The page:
(freshrant.com) A number of marches and rallies are being held across the nation, sparked by a remark made by Mississippi’s First Lady, Marsha Barbour, that the thought of her husband running for president “horrifies” her considering all the sacrifices her family would have to make.
Mrs. Barbour’s comment was initially shrugged off as a typical Southern Republican wife throwing a passive aggressive hissy fit to the press for being “too genteel to say it to her husband’s face.” But as media outlets ran with the interview, Marsha Barbour’s comments struck a chord with large numbers of Americans who sympathized with what a sacrifice a Barbour presidency would be for the nation.
Beverely Dunhill, an organizer of the Denver march that blocked streets and closed down public offices for the day, seemed to speak for many of the nation’s women, “I just get nauseated thinking about a Haley Barbour presidency. Can you imagine turning on your television set and hearing that mush mouth party hack gobbling away in your living room? How am I supposed to hide my kids whenever he comes on?”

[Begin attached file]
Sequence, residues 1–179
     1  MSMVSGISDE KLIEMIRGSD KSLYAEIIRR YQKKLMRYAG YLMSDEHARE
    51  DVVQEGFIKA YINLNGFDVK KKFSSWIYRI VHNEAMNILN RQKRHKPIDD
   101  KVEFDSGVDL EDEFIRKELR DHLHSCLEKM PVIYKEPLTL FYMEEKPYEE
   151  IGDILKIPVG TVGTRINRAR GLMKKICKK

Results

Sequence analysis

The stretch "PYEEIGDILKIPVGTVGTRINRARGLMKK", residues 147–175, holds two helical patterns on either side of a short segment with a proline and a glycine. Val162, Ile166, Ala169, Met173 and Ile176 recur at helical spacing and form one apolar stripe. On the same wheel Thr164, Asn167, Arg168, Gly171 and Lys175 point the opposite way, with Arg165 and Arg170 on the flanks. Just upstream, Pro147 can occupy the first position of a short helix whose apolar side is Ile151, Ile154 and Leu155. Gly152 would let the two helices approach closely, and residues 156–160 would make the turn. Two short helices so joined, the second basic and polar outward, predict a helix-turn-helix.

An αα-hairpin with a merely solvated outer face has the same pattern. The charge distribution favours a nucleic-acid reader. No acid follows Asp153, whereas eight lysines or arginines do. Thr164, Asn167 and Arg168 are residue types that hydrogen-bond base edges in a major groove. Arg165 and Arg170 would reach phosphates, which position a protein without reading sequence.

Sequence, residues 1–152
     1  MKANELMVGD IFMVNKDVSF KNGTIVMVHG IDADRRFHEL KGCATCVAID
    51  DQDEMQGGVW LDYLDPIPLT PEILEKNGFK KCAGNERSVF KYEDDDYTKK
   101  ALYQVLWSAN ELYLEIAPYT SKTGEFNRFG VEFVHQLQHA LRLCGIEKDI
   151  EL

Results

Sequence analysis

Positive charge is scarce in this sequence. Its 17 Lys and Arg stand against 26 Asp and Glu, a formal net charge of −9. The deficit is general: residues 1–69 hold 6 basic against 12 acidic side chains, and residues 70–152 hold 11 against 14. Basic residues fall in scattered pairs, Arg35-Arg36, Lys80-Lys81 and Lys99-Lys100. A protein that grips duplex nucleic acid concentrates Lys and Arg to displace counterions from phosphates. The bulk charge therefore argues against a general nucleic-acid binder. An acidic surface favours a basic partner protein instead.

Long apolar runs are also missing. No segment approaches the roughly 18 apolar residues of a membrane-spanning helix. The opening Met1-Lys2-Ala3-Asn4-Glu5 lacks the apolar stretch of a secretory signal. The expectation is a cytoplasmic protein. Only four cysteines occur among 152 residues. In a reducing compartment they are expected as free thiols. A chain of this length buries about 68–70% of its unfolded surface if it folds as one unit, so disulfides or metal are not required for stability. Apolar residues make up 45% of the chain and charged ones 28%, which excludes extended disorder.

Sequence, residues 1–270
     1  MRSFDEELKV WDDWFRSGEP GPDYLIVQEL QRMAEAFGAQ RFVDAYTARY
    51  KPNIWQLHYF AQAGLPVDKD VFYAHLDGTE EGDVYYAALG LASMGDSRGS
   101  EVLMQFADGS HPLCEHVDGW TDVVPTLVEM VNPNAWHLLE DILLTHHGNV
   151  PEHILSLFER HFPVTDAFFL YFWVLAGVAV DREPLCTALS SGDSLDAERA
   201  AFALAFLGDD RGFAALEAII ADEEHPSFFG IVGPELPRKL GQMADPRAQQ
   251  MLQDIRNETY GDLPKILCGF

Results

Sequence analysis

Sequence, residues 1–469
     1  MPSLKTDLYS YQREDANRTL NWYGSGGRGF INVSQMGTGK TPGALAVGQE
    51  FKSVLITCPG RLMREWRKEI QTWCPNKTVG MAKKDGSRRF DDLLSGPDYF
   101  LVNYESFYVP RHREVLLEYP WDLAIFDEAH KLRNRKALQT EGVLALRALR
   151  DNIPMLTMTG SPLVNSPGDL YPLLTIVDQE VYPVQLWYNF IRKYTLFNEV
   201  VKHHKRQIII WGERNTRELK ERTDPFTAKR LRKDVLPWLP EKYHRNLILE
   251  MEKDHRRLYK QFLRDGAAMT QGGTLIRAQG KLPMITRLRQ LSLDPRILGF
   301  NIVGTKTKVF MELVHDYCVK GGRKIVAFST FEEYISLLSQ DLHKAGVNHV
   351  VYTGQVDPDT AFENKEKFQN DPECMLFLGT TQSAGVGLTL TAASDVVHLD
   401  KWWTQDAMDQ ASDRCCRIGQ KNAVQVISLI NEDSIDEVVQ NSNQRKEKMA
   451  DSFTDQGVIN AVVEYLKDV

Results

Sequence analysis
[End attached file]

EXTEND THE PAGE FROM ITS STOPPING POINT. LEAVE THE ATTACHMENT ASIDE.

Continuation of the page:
Mississippi native, Isaiah Jenkins, who had gathered at a prayer vigil in Jackson, Mississippi, said he was opposed to all of Barbour’s big time lobbying for the tobacco companies. “I’m just praying now for the governor’s soul, and for that of a country that would even consider electing a man making millions pushing those cancer sticks around the world.”
Mark Hammond, also at the vigil, was waving a rebel flag. He said he was there to pray that Governor Barbour would run for president. “I like his style,” Hammond said. “He don’t think that whole slavery thing amounted for “diddley”. And did you hear that joke he told in front of a reporter from the New York Times? After one of the governor’s aides kept making jokes about “coons”, the governor just told the aid that if he kept making those kinds of comments, he would be reincarnated as a watermelon and placed at the mercy of blacks.”
“My stars and bars, we need a man like that in the White House who understands that blacks should know their place.”
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